Referring to FIG. 6, circuit diagrams 500 of the T0− and T0+ power supply response due to voltage island power-on is shown. Just before power on, the bus system is stable and the quiet capacitance 504 in the circuit 502 is fully charged. The rate of change in current flow through the inductor 506 to Cq is 0. At time 0, voltage island capacitance, Cs 510, is switched onto the bus using switch 508 and begins to charge to the rail value. Charging of Cs 510 presents an instantaneous current demand in the circuit 502, or high di/dt to the VDD bus, however, due to the inductive component 506 of the bus, the initial di/dt current remains 0 and all charge pulled into Cs (510) is pulled out of Cq (504) in a charge sharing event. The result is that the voltage across Cq (Vcq) falls. The ratio of the Vcq at T0+ relative to Vcq at T0− illustrated in FIG. 6, is represented by the equation VDD′/VDD=Cq/(Cq+Cs) and is directly related to the capacitance of the voltage island relative to the IC remainder. Thus, an undesirable step response results which produces unwanted power supply perturbation.
  • [0006]
    The oscillation produced by the di/dt event excitement of the IC chip/package RLC network is typically in the 80 MHz to 200 MHz range in present day semiconductors. These frequencies are centered around clock frequencies typically encountered in ICs for both data processing and I/O functions which further compromises functionality of the IC as the voltage oscillation affects path delays within the IC from cycle to cycle. Past IC chip designs have been unable to adequately resolve the undesirable step response issue. With advances in IC technology and the drive to higher performance and lower power products, integrated circuits are being designed to lower rail voltages to power the chip. These challenges require even more attention to power distribution in the chip and the affects of step response perturbation at each new technology node.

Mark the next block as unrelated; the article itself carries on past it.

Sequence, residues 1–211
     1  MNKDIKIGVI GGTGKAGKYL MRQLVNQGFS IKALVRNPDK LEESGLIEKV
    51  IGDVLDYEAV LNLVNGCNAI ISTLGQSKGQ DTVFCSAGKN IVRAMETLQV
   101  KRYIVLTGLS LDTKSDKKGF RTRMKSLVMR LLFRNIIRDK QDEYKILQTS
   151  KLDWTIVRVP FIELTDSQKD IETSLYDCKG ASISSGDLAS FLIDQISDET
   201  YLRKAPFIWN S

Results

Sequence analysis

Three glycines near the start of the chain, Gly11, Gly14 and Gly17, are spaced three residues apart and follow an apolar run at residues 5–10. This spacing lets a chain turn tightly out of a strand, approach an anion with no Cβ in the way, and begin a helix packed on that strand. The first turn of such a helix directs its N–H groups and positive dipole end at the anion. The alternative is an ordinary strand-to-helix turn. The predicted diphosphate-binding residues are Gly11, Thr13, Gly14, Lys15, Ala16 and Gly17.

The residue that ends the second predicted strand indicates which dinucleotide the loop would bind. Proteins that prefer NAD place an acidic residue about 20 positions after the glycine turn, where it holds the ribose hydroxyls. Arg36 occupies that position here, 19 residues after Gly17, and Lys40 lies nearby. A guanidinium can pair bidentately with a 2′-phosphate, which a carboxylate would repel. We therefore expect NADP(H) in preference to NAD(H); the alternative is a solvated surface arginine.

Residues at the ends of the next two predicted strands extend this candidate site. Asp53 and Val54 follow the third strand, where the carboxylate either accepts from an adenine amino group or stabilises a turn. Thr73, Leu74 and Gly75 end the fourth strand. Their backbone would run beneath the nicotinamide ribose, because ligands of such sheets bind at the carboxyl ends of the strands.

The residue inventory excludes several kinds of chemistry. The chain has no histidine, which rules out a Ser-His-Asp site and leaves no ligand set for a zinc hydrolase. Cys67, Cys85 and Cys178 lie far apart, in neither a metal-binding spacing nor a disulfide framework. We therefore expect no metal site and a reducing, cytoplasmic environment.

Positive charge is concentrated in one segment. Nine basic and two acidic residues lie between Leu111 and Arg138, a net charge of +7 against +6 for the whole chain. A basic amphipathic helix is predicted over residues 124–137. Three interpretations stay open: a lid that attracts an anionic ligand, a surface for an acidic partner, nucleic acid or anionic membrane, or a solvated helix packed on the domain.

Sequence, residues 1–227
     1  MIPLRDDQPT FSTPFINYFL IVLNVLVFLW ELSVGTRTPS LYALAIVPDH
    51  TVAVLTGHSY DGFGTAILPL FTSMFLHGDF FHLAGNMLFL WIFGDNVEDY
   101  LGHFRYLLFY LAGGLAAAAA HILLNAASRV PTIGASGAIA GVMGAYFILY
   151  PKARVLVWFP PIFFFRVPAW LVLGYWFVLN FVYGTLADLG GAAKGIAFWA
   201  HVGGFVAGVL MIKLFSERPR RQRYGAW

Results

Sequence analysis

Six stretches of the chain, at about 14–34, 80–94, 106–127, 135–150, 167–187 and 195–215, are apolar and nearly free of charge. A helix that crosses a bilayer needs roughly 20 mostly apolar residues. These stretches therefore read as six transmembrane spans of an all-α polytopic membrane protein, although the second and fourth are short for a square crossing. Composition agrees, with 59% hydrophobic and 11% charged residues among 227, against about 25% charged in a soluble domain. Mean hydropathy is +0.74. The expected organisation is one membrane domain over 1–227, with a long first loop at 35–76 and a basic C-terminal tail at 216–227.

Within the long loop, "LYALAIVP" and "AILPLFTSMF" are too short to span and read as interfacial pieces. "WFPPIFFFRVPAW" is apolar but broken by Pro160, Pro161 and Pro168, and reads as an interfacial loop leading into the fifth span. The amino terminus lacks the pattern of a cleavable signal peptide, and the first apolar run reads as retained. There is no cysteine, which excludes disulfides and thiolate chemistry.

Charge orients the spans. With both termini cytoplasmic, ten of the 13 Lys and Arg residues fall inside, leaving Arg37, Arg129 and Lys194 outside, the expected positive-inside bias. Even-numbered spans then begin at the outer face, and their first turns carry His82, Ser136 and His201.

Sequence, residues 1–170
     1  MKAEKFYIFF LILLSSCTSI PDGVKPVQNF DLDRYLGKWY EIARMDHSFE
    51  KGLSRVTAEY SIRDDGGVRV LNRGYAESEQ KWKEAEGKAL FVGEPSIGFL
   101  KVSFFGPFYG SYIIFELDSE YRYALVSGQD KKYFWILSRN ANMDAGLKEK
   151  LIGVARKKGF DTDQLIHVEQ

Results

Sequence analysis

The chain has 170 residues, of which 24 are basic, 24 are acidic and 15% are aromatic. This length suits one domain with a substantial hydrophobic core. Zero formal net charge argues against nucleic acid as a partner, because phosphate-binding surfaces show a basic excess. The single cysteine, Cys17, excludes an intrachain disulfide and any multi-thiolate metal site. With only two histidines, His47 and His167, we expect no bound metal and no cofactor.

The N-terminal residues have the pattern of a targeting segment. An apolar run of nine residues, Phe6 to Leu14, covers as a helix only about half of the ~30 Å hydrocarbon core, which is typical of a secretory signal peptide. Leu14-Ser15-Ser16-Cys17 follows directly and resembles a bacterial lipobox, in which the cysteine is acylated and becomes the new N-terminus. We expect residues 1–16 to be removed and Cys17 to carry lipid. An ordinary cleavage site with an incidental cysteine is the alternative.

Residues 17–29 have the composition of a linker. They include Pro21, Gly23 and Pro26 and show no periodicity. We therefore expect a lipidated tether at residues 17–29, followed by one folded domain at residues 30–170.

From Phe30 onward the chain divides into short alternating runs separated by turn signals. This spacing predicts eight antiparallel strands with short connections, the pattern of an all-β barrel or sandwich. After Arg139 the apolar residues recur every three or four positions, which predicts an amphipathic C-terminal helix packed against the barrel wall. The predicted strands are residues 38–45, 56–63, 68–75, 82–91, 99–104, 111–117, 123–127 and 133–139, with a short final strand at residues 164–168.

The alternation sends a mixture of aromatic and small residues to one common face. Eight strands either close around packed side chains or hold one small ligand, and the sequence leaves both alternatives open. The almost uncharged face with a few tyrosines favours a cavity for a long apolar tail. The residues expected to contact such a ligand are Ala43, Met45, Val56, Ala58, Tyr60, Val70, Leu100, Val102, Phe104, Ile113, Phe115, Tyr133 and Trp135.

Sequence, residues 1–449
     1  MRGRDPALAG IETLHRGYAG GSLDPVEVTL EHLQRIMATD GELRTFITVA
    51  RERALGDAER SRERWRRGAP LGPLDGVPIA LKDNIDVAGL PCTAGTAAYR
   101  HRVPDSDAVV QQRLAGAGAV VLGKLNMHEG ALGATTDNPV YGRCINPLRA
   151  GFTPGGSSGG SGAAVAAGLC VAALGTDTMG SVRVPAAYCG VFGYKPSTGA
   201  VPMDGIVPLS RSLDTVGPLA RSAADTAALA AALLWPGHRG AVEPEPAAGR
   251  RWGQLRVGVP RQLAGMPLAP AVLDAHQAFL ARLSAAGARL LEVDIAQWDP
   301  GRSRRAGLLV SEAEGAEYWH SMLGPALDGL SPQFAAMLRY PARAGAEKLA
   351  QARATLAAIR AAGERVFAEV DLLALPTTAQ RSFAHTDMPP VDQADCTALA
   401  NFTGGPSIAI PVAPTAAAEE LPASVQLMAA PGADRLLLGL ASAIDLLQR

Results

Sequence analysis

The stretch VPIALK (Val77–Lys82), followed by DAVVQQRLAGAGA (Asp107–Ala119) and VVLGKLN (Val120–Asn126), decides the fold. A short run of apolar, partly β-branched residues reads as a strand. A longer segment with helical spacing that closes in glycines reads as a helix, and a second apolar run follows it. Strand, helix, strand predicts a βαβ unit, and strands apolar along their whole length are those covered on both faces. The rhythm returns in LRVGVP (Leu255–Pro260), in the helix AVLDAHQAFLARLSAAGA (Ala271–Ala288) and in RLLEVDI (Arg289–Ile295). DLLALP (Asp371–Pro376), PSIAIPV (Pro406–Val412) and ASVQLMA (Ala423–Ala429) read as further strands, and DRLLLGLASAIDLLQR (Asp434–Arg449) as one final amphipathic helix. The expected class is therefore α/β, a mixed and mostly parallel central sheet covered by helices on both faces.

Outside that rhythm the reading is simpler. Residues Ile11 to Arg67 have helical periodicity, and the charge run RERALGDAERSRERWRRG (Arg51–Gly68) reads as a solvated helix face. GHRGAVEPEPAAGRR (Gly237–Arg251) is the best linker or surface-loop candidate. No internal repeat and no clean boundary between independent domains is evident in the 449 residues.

• [0007]
    Referring to FIG. 4, a typical known semiconductor IC module 300 including two voltage islands 310, 320 is shown. A power supply VDD is brought from off-module/chip from a plurality of VDD inputs 302 which are shorted together at chip level to form a robust power network/bus 308. Logic circuits, are distributed throughout the IC/chip 306 and attached to the power network. The two voltage islands 310, 320 are also powered by the power network 308, however, power to these islands of logic function 310, 320 is gated using header circuits 314, 322, respectively, disposed between the global power supply network of the IC chip/module 308 and the local power supply network of the voltage islands 310, 320. Each voltage island implemented within the IC/chip 306 may be controlled independently with regard to its power up/down condition at any time during IC function.
  • [0008]
    Referring to FIG. 5, the electrical equivalent of a typical IC RLC network 400 is shown. It is understood the logic functions connected to the power supply network consume some amount of functional current, and are modeled as capacitor components Cq 410 that comprise diffusions and wells within the circuits which provide storage capacity for charge associated with the power supply voltage VDD 404. As a result, circuits are modeled as the Cq component 410 of the power supply network. The summation of module, image and circuit contributions yields an RLC network 400 for the power bus. Similar to the logic outside voltage islands, logic inside a voltage island is modeled as a capacitance 422, however, as these supply capacitances are charged and discharged in response to a power supply switch (header) they are defined as switching capacitance (Cs) 422. The typical IC RLC network, as shown in FIG. 5, has disadvantages. For example, when power is brought in from off module/chip 402, and the voltage island switch 420 is engaged, unwanted inductance associated with the IC package and IC image is encountered. Additionally, while the power supply system within the IC is quite robust, there remains some amount of resistance associated with each segment of the bus 406 that affects both the transient and DC response of the power supply network.